I have been here before. Mêlée Island feels as familiar as my own home: I know the elderly lookout by the signal fire on the mountaintop, the rickety boardwalk by the Scumm Bar, the glittering ocean all around. Yet on closer inspection, I notice differences. A new crowd has moved in, familiar shops are boarded up and closed. While I am still Guybrush Threepwood, hapless pirate wannabe, I now sport a beard flecked with grey. This place has changed, and I have, too.
It has been more than a decade since the last game in the beloved Monkey Island series and 31 years since Monkey Island 2: LeChuck’s Revenge, the last instalment made by the original team of Ron Gilbert, Tim Schafer and Dave Grossman. Since then there have been three sequels of varying quality made by different teams, but this year Gilbert and Grossman announced that they would finally return to the series, having worked on Return to Monkey Island in secret for two years (Schafer now makes games such as Psychonauts with Double Fine Productions).
The “legacy sequel” is a cultural phenomenon where a dormant franchise that induces soothing waves of nostalgia in audiences of a certain age is resurrected and reanimated. In a media age where IP is prized more for its familiarity than its relevance, these have become common. The recent sequels to, say, Top Gun, Mad Max and The Matrix have ranged in quality from meaningful narrative continuations to cynical cash grabs.
In the world of gaming, the stakes can’t get much higher than Monkey Island. For a generation of gamers, few series can rival the heady nostalgia this series invokes. Though the original game from 1990 may look positively Jurassic to contemporary players, the tropical cocktail it offered of charming characters, zany comedy and head-scratching puzzles felt revelatory on release, becoming the standard-bearer for the entire point-and-click adventure genre. Its fans are so dedicated that they staged a Monkey Island play at a German theatre. So Gilbert and Grossman faced a tricky question: how best to approach their return?
Monkey Island games have always revelled in breaking the fourth wall, so it’s fitting that this new instalment directly grapples with the question of what it means to revisit your past. Guybrush returns for another swashbuckling adventure, planning to face the evil LeChuck and finally untangle that pesky secret of Monkey Island, but on arriving at Mêlée Island, he finds that he has been mostly forgotten. Though a new museum of piracy contains relics from his previous adventures, the listless hipster curator has no idea who he is. Meanwhile the new, ultra-accomplished pirate leaders care little for his haphazard problem-solving.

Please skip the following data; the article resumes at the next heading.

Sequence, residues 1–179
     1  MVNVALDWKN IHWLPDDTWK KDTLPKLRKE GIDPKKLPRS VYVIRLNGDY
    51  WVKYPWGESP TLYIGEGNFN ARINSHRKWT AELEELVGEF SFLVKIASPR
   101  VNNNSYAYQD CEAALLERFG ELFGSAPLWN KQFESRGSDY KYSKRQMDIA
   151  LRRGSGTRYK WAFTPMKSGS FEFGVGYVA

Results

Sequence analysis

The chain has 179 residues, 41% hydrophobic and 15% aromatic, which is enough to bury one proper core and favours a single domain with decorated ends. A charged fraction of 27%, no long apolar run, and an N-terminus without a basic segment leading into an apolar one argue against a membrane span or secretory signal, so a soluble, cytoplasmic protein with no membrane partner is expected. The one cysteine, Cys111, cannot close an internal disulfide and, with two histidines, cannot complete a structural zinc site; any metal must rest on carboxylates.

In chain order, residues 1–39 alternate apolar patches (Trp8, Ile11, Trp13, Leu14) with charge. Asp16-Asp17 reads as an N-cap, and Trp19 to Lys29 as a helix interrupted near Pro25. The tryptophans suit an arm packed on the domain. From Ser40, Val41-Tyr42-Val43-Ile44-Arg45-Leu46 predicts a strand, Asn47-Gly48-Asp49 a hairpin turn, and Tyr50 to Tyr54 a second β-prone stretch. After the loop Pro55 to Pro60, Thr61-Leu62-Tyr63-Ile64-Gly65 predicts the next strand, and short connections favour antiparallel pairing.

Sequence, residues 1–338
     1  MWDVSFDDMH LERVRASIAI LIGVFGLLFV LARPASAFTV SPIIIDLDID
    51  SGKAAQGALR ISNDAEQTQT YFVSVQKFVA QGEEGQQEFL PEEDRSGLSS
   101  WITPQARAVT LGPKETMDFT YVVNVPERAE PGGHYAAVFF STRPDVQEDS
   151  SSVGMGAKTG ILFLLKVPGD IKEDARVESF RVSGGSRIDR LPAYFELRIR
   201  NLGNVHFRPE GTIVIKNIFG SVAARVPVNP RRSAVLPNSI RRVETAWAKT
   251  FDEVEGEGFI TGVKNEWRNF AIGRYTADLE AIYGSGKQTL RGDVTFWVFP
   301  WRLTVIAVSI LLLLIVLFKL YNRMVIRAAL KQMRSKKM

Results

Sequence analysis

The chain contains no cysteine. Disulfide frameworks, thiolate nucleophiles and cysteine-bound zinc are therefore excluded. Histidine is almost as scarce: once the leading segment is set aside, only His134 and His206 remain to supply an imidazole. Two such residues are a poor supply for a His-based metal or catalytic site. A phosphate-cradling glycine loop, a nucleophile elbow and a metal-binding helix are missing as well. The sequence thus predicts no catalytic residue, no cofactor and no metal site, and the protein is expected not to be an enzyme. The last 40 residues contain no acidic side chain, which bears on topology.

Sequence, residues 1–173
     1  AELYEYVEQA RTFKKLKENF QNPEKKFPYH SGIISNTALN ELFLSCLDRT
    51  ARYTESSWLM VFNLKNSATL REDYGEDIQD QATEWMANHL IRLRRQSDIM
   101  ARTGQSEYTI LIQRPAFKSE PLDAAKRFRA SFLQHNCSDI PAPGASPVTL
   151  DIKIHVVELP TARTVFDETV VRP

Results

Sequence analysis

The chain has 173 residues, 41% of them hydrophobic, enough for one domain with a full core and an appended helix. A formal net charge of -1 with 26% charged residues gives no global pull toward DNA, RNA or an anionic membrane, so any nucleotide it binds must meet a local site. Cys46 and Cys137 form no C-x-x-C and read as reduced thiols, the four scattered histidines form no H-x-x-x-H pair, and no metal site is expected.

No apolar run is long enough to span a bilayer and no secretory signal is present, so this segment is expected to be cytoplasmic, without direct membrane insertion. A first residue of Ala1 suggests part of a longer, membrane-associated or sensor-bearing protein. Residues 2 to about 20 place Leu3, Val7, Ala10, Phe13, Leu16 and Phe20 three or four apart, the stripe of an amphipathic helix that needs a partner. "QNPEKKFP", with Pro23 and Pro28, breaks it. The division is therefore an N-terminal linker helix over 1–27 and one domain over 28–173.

Despite these changes, much of this game will be as reassuringly familiar to fans as rediscovering a favourite pair of slippers. It’s still a 2D point-and-click adventure where you collect a wunderkammer of bizarre items which are used to solve puzzles and push the story forwards. Returning characters are a joy, from Guybrush’s wife Elaine to Murray the talking skull and Stan the jargon-spouting used ship salesman.
Most importantly, the comic writing that defined those early games is as sharp and generous-hearted as ever. Witness zany situations ranging from zombies who write poetry to a quest for a sacred tree prophesied as providing the perfect wood for mop handles. It’s worth seeking out every line of dialogue because the hit-rate of jokes is so high: a stone sundial Guybrush passes is “running a little fast”. And when he’s asked what he’s been doing, he deadpans: “Swashing buckles and so on.”
While the game is stuffed with eccentric puzzles that can feel, in Guybrush’s own words, “needlessly complicated”, these are reliably entertaining and generally have logical solutions. In response to the sometimes obtuse challenges of earlier instalments, here the developers have added a “casual mode” and a handy in-game hint book. This is not the only change they’ve made: the story takes players to fresh locations such as Terror Island and the icy Brr Muda, all drawn in a charming new art style which resembles a pop-up picture book.
This childlike aesthetic suits the game’s framing narrative, which revolves around an older Guybrush telling his son a story from his swashbuckling days. As you play through his memories, the game succeeds in both commenting on and celebrating its substantial legacy. While Guybrush’s desire to recapture his glory days is futile, it’s eminently relatable. When he goes to the moonlit jetty where Stan once sold his used ships, now in disrepair, you can direct Guybrush to various spots and click a prompt to “reflect on happier times”. He contemplates in silence for a few moments until you direct him away, onwards to the adventure that still lies ahead.
‘Return to Monkey Island’ is out now on Nintendo Switch, PC and Mac